Serial Suit Filer Strikes Pennsylvania Credit Union with ADA Violation
May 22, 2012
May 22, 2012
If you’ve been living under a rock for the past two years, you wouldn’t know that credit unions around the country have been struggling with making their ATMs ADA compliant—in other words, making them provide speech output, to serve visually impaired members.
While credit union regulators may be a bit flexible if your credit union has not yet been able to finish its installation of ADA compliant ATMs, a finding on an exam is not the only risk a credit union faces.
Earlier this month, a Pennsylvania based credit union was sued for not offering accommodations for the blind at its ATMs. Robert Jahoda, 30, filed a class action suit on May 9 in the U.S. District Court in the Western District of Pennsylvania against Century Heritage FCU, a $128.6 million asset credit union, alleging the Title III violation, according to the court documents.
Jahoda’s complaint alleges that he is blind and visited the credit union’s ATM in McKeesport, Penn., after March 15, the date in which certain communications provisions of the ADA and its 2010 standards became fully effective.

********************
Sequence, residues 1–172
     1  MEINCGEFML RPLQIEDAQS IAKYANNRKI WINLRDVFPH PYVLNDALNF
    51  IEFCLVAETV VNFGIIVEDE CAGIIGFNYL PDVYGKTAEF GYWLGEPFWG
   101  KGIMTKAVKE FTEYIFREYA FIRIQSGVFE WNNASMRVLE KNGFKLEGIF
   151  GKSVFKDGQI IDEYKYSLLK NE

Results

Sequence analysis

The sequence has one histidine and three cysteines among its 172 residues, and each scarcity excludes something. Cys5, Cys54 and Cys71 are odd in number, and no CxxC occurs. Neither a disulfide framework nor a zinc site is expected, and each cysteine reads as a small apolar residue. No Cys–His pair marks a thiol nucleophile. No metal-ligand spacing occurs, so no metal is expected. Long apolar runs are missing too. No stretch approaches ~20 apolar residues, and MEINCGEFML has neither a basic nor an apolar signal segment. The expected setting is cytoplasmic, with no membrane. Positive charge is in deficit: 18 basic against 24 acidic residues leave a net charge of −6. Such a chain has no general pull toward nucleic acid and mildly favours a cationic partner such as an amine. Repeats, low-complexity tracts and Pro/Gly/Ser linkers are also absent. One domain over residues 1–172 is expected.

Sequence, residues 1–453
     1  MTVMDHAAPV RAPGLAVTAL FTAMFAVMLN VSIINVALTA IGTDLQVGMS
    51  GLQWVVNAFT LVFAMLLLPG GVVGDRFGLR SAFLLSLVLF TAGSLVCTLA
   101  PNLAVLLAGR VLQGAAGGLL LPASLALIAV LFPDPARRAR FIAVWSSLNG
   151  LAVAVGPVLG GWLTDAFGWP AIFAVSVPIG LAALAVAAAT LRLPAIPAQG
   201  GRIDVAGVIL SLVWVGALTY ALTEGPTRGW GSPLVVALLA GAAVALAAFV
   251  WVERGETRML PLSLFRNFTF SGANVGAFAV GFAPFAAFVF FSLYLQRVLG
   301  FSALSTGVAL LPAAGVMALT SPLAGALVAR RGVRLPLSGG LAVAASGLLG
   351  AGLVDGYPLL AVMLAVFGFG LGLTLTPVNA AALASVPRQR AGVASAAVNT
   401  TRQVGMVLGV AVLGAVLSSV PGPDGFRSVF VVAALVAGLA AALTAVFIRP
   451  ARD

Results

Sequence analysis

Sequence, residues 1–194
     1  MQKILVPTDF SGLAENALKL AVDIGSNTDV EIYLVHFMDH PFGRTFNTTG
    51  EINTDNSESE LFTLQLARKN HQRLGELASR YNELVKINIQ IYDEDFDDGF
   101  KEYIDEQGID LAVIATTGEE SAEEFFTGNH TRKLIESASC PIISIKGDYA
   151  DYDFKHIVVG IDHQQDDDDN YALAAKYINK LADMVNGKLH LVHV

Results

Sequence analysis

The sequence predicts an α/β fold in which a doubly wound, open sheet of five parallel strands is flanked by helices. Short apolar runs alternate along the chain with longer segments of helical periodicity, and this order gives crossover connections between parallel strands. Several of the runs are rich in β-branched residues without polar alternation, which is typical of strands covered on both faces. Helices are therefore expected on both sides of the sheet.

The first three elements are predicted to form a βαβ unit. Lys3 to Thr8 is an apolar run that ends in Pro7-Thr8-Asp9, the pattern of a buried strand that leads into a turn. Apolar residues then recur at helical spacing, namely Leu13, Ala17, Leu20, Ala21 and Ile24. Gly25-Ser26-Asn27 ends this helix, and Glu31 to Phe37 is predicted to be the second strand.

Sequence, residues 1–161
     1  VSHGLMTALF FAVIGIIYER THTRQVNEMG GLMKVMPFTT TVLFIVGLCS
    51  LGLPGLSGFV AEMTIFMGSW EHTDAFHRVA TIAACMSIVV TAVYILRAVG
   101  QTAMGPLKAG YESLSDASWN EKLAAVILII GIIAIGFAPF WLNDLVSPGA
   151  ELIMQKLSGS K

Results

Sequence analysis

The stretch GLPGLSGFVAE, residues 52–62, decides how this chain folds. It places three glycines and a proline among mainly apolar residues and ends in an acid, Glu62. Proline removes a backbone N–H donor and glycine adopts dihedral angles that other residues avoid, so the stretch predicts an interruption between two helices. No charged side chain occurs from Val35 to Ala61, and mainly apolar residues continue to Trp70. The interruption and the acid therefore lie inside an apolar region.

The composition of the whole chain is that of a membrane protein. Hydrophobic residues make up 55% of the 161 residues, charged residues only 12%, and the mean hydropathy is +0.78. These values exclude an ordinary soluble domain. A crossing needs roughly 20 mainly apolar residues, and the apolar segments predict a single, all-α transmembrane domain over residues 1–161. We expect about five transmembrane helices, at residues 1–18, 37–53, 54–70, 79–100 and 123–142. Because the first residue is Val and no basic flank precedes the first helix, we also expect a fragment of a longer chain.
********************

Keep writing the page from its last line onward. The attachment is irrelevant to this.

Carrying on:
According to Johoda, the situation “threatens blind people with the loss of their private banking information. Blind people who wish to use certain of the defendant’s ATMs have no choice but to repeatedly reveal their private PINs to others to complete an ATM banking transaction.”
According to the Pittsburgh Post-Gazette Jahoda has filed similar suits against at least seven banks claiming their ATMs did not comply with the law. The Post-Gazette also reported that more lawsuits are being planned.
Questions? Contact the Compliance Hotline: 1.800.546.4465, email@example.com.
Posted in Compliance News.